Inside tips for your next interview 

Have an interview coming up? We've got you covered. Advice straight from Code's recruiters to nail your interview and get the job (originally from our blog post: Insider Advice to Land a Job in Denver Tech). 

1. Do your research. 

Researching the company shows the interviewer that you care about the position and demonstrates your passion for the work they're doing. Go beyond the company's homepage, get to know their mission, story, and current projects. Check in the news for any recent press releases or stories about the company, and try to find a little background on the person you're meeting with, too.

A good general understanding of the organization and the person you're talking to allows you to provide better answers, demonstrate passion, and foster more meaningful conversations throughout the interview.  

2. Ask questions

If you did your research, asking thoughtful and relevant questions will come naturally. Go into the interview with 2-3 questions prepared. Questions can be technical or not, just make sure the answer to your question isn't right on the company's homepage. 

Some great questions to ask could be: 

What security standards and authorizations are in place to insure your customers' information stays safe? 

What do you need from this position day one? 

How do you see this position evolving with the company? 

What is the next step you're taking to reach [x] company goal? 

3. Show your passion

This is easily done through doing your research and asking questions. Don't get turned away because you failed to show the company your excitement about the opportunity. When you're up against other candidates with similar career objectives and skills, showing your drive can give you a huge advantage. 

4. Stay positive

Most importantly, don't bad-mouth previous experiences. If you're asked "why did you leave your last job?" try to put a positive spin on the truth. If you can't do that, choose another reason you left. The Denver tech scene is small, and you never know who knows who. Keep the gossip to a minimum and focus on the positive. 

5. Voice your expectations at the beginning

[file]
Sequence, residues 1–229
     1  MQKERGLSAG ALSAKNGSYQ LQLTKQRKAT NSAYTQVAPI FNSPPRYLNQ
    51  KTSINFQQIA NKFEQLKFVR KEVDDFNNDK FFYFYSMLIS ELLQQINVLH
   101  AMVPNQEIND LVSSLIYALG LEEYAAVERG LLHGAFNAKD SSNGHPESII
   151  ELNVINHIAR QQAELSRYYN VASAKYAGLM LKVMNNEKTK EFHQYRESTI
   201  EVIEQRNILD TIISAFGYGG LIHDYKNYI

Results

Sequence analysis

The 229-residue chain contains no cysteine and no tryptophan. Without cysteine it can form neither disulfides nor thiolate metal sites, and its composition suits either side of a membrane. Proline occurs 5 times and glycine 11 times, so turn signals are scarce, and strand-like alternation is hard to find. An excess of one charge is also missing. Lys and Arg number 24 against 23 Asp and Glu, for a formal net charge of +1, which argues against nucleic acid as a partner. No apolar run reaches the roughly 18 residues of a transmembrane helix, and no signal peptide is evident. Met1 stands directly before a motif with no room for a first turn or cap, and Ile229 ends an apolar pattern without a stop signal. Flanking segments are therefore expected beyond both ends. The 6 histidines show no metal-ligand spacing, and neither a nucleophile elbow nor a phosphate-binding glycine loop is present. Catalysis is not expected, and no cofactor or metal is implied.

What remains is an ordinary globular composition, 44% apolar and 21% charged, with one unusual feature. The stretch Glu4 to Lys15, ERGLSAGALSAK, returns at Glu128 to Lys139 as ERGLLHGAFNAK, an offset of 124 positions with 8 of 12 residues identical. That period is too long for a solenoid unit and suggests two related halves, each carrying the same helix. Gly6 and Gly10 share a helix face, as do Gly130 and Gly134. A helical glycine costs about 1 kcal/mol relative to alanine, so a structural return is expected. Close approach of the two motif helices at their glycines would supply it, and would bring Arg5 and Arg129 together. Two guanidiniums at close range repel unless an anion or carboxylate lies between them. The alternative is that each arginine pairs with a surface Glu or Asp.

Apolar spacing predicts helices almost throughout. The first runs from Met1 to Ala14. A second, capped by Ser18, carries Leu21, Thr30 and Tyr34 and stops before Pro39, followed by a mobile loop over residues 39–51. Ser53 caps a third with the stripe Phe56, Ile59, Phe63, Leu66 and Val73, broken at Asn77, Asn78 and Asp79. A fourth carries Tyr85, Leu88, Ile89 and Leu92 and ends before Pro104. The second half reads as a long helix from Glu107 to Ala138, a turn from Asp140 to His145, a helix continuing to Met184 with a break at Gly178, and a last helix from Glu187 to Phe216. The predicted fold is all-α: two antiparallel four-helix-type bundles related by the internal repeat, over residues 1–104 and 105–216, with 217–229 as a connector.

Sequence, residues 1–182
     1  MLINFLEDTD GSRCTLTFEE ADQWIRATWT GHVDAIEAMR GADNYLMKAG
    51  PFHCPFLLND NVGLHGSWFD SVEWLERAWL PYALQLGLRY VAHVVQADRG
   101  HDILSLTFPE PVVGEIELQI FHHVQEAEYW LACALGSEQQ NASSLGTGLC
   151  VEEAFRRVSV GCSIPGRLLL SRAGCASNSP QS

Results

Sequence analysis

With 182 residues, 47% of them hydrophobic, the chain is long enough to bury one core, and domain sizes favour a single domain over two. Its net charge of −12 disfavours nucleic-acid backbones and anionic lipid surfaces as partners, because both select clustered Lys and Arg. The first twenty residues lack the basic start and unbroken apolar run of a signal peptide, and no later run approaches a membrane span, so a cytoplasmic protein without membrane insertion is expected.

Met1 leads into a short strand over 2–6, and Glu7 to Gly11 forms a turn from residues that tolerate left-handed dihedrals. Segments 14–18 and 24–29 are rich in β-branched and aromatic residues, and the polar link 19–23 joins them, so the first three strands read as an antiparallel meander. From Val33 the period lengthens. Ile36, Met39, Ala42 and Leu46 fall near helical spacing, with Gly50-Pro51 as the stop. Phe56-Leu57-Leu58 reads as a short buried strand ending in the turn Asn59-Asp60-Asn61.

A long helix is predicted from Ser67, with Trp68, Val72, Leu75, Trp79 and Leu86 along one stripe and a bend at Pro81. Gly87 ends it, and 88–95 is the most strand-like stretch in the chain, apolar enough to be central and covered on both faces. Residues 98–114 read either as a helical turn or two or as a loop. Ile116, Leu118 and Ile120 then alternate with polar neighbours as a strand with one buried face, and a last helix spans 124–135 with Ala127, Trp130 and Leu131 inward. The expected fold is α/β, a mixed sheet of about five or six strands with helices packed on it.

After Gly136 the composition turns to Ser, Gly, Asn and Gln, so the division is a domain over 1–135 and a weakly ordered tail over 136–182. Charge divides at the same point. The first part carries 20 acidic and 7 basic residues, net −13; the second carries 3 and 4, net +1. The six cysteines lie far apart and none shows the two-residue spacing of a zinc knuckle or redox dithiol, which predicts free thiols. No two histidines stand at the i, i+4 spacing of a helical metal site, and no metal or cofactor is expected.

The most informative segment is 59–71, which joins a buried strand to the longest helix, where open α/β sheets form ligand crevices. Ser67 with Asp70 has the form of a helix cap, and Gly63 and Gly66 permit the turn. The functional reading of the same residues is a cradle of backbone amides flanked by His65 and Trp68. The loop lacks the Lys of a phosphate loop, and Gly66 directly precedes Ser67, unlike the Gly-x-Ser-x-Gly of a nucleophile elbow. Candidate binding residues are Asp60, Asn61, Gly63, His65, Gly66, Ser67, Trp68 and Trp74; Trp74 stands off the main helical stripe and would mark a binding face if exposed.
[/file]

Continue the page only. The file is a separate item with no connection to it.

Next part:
This is most relevant with salaries: find your base and stick with it. Be clear about the minimum you'll accept and don't interview for anything that doesn't fit your standards. By setting and voicing your expectations from the start, you avoid wasting your own time, the recruiters time, and the company's time. 

If working remotely 3 days a week is a non-negotiable, only apply to jobs that are explicitly open to remote work and be sure to tell the company in your first interview. If working remotely is more of an option you'd like to explore, but isn't a deal breaker, raise the topic during a later interview. 

6. Be honest about your skills and experience

This starts with your resume and continues throughout the job process. Be prepared for questions about any and all skills, languages, and experience you put on your resume; if you claim to be an expert in something, expect expert-level questions. 

It's better to claim to be mid-level and tech-out at mid-level, or higher, than it is to claim to be an expert and tech-out at mid-level. Save yourself some embarrassment and be realistic about your abilities. 

7. Dress correctly

For 90% of jobs in the Denver tech scene, jeans, a button-down and nice shoes is the perfect interview outfit for men. Leave the suit and tie at home, but don't expect to get the job in a dirty sweatshirt and flip-flops, either. 

For women, as always, dressing correctly isn't as cut and dry. We know it can be hard to find that balance between professional and casual, just stay away from the uncomfortable pants and blouses, and don't be afraid to wear jeans! 

More tips and advice... 

8. Never say "I don't know" 

Instead, ask if the question can be rephrased. More often than not, misunderstood questions are just terminology issues: you probably know the answer! 

9. If you submit a code sample or portfolio, employers will assume that it's your best work

This goes the same for coding projects and take home assignments: if it's not your best work, don't submit it.

10. Be a team player

Stay humble, kind, and curious. Showing eagerness and strength in working with others can sometimes overcome technical abilities. 

More questions about the interview process? Contact us